Why Wine Took Me To A Motel Off I-20 In Shreveport

by David Donalson

Shreveport is known as Dallas’ little Vegas, full of craps tables and ante-free blackjack, but no one goes to Shreveport thinking they are going to get the full Vegas treatment. I may now have a solution for you. While I cannot magically make Cirque du Soleil appear at the Horseshoe, I can now tell you where to go to dinner to impress… a little motel off I-20 and Diamondjacks.   

I know what you are saying to yourself right now: David, you have lost your mind. Why would anyone want to go to a motel to eat dinner when you can hit up the buffet in the casino? Seriously, get off the stool in front of video poker and head over to Lucky Palace off I-20. Yes the parking is bad because you don’t want to park in front of room 112 but so what! They will get over it and after you have some wine, you won’t care.

When I first drove up on the Lucky Palace, I had a Guy Fieri (that bleach-haired guy from Diners, Drive-Ins & Dives) moment, wondering if I had gotten turned around and needed to head back across the river to Shreveport. This was a motel in Bossier City with red neon and a Bud Light sign.

Oh what the hell, when in a gambling town in Louisiana, sometimes you just got to trust your gut and give it a try. After passing through the “under construction” lobby of the motel just to get inside Lucky Palace, I was ready to drink. The décor inside was very 80s Chinese restaurant, with accents of wine bottles of various sizes. I knew I had hit the jackpot when I saw a couple of bottles of Dunn Vineyards and Caymus Special Select. After being sat at the window table overlooking the motel pool, it was time to dive into the list. According to Lin, the manager and wine director, the wine book only held about 120 selections because he doesn’t want to overwhelm the guest. Well it didn’t work for me, I could not stop looking through the list, wondering what the drink of the night would be. The list is that good.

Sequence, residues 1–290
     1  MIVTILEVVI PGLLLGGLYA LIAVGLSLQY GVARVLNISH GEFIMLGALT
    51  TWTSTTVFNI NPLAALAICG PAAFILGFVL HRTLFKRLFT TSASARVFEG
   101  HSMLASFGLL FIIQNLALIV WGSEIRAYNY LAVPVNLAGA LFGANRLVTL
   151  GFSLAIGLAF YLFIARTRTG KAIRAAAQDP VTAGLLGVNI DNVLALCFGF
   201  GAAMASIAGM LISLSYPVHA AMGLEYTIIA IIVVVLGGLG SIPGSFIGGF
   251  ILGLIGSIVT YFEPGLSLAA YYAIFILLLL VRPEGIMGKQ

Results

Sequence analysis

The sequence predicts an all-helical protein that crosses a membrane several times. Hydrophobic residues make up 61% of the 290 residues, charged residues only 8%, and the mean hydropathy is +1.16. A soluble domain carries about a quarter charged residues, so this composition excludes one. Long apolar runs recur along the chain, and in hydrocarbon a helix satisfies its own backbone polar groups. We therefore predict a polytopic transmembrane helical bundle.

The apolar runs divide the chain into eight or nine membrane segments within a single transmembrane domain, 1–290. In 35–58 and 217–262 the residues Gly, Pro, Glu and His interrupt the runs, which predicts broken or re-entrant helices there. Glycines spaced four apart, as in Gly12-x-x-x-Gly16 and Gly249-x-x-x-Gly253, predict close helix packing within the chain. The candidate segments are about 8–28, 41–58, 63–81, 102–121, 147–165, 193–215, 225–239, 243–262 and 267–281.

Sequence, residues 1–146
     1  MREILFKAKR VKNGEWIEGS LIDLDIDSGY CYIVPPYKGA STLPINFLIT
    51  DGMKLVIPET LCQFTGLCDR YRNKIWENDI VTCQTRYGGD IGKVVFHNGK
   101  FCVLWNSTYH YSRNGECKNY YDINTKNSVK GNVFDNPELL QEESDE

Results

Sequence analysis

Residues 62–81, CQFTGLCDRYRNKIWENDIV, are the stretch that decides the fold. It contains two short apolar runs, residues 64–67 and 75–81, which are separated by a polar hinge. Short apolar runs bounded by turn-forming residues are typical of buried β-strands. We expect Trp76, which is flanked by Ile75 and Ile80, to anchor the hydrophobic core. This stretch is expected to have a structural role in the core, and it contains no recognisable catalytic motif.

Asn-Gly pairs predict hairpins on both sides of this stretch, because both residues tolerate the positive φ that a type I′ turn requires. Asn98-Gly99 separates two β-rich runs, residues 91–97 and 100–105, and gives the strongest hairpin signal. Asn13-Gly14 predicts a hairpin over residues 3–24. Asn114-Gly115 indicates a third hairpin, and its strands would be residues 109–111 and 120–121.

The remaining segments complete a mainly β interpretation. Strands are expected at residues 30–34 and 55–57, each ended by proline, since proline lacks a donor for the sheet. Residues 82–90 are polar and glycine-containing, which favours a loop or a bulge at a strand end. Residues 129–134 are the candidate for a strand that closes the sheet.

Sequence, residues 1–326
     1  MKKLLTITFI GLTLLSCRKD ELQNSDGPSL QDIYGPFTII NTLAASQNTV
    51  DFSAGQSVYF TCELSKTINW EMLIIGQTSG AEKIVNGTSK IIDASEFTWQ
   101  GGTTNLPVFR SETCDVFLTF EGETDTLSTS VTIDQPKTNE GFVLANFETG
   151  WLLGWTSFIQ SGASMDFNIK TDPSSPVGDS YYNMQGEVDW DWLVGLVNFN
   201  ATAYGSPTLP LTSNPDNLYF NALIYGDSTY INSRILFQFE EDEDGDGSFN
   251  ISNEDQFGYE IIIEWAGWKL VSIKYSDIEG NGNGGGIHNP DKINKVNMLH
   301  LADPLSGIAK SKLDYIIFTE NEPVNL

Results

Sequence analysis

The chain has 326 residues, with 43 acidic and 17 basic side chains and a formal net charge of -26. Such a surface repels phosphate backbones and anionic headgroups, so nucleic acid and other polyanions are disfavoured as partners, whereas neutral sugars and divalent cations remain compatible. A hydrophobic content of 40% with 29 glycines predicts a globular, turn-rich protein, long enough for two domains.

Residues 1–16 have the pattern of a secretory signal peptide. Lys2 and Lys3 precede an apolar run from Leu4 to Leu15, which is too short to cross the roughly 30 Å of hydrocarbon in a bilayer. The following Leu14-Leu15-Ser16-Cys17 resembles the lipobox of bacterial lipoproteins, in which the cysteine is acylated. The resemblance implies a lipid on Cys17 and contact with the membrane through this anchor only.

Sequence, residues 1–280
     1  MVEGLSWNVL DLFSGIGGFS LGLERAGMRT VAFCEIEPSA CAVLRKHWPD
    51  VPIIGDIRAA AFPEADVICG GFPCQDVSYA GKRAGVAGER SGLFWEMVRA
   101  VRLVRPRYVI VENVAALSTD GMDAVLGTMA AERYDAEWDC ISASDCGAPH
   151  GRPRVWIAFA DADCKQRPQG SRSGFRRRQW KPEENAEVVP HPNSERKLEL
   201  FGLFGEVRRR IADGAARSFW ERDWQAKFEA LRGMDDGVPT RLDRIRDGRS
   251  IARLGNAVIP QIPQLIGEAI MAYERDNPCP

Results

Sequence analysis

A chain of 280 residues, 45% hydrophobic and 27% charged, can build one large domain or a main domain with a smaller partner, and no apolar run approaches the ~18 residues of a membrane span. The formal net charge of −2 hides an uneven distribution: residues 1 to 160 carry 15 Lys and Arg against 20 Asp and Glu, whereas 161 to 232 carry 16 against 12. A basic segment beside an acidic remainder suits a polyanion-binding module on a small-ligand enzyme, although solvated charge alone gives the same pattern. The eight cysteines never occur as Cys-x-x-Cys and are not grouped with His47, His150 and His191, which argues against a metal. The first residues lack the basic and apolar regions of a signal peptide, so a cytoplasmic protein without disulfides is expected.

Chinese food can be a hard pairing because it usually entails sweet, savory and spicy in a dish. This will usually eliminate most red wines and white wines that are overtly dry and acidic (Sauvignon Blanc) or somewhat oakey and tannic (California Chardonnay). Really, you are looking for something with a touch of sweetness and medium body, like Rieslings and some Pinot Noir or my personal favorite, Champagne. Don’t feel in the mood for sweet or bubbles, they have a list dedicated to Turley, the California gurus of Zinfandel and Petit Sirah. But wait, you always wanted to try an aged 2nd-growth Bordeaux like Leoville-Las Cases 1979? Never fear, Lucky Palace has it on their list for only $180. (No I did not forget a zero)

Finally, after struggling between the 1997 Argyle “Extended Tirage” and the 1990 Dom Ruinart, I decided on the Non-Vintage Camille-Saves Cuvee Rose Grand Cru Champagne from Bouzy. This is a grower Champagne that could best be described as a fruity, malty strawberry shortcake. The strong red fruit character of strawberry and cranberry opened up into a cinamonny-raisin bread that finished chalky and malty. It was divine and a perfect pairing to the meal.


Our first course was duck on scallion pancake, where huge chunks of duck were roughly chopped and placed onto a scallion pancake, held together by hoisin sauce and fresh white scallion. Like I said earlier, it was sweet, savory and spicy when you added that splash of fermented chili oil. My favorite part was how it made the fruit in the Champagne really stand out while providing that savory undertone and slight gaminess from the duck. Delicious and a great start.

Next came the salt and pepper trio, a blend of scallops, shrimp and squid sautéed with bell peppers, ginger, garlic and scallions. If there was a disappointment in the meal, it was that the breading was a bit much on the seafood and there was a need for a sauce. But the seafood underneath the breading and the vegetables were beautiful. My wife and I were fighting over the last bits of bell pepper on the plate, even before the last shrimp was gone.

Speaking of fighting over food, dessert was a special treat for me. When the waiter, David, was describing the desserts, I was sold when he talked about sesame balls in a peanut butter sauce, drizzled in chocolate and served with a side of Chinese honey-glazed pecans. Oh dear lord they were divine. The sesame balls provided that mid-palate sweetness and a texture to balance out the richness of the peanut sauce. And the pecans…I found out they charge $5.99 per bowl, making this dessert worth every penny. They had a deep, roasted richness like a bold coffee but just a hint of sweetness to counter the bitterness.

To quote Charles Dickens: “Please sir, may I have some more.”

Lucky Palace delivers on the food but excels with its wine. The next time I think about going to gamble in Shreveport, I am going to get a group of friends together to feast and drink at Lucky Palace. Maybe next time I can get my hands on that ’79 Leoville-Las Cases.

 

 

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Filed under Asian Cuisine, Crave, David Donalson, Food, fun with food, Travel, Wine

One response to “Why Wine Took Me To A Motel Off I-20 In Shreveport

  1. Pingback: An Open Letter to Joe Kwon of The Avett Brothers - 20×49

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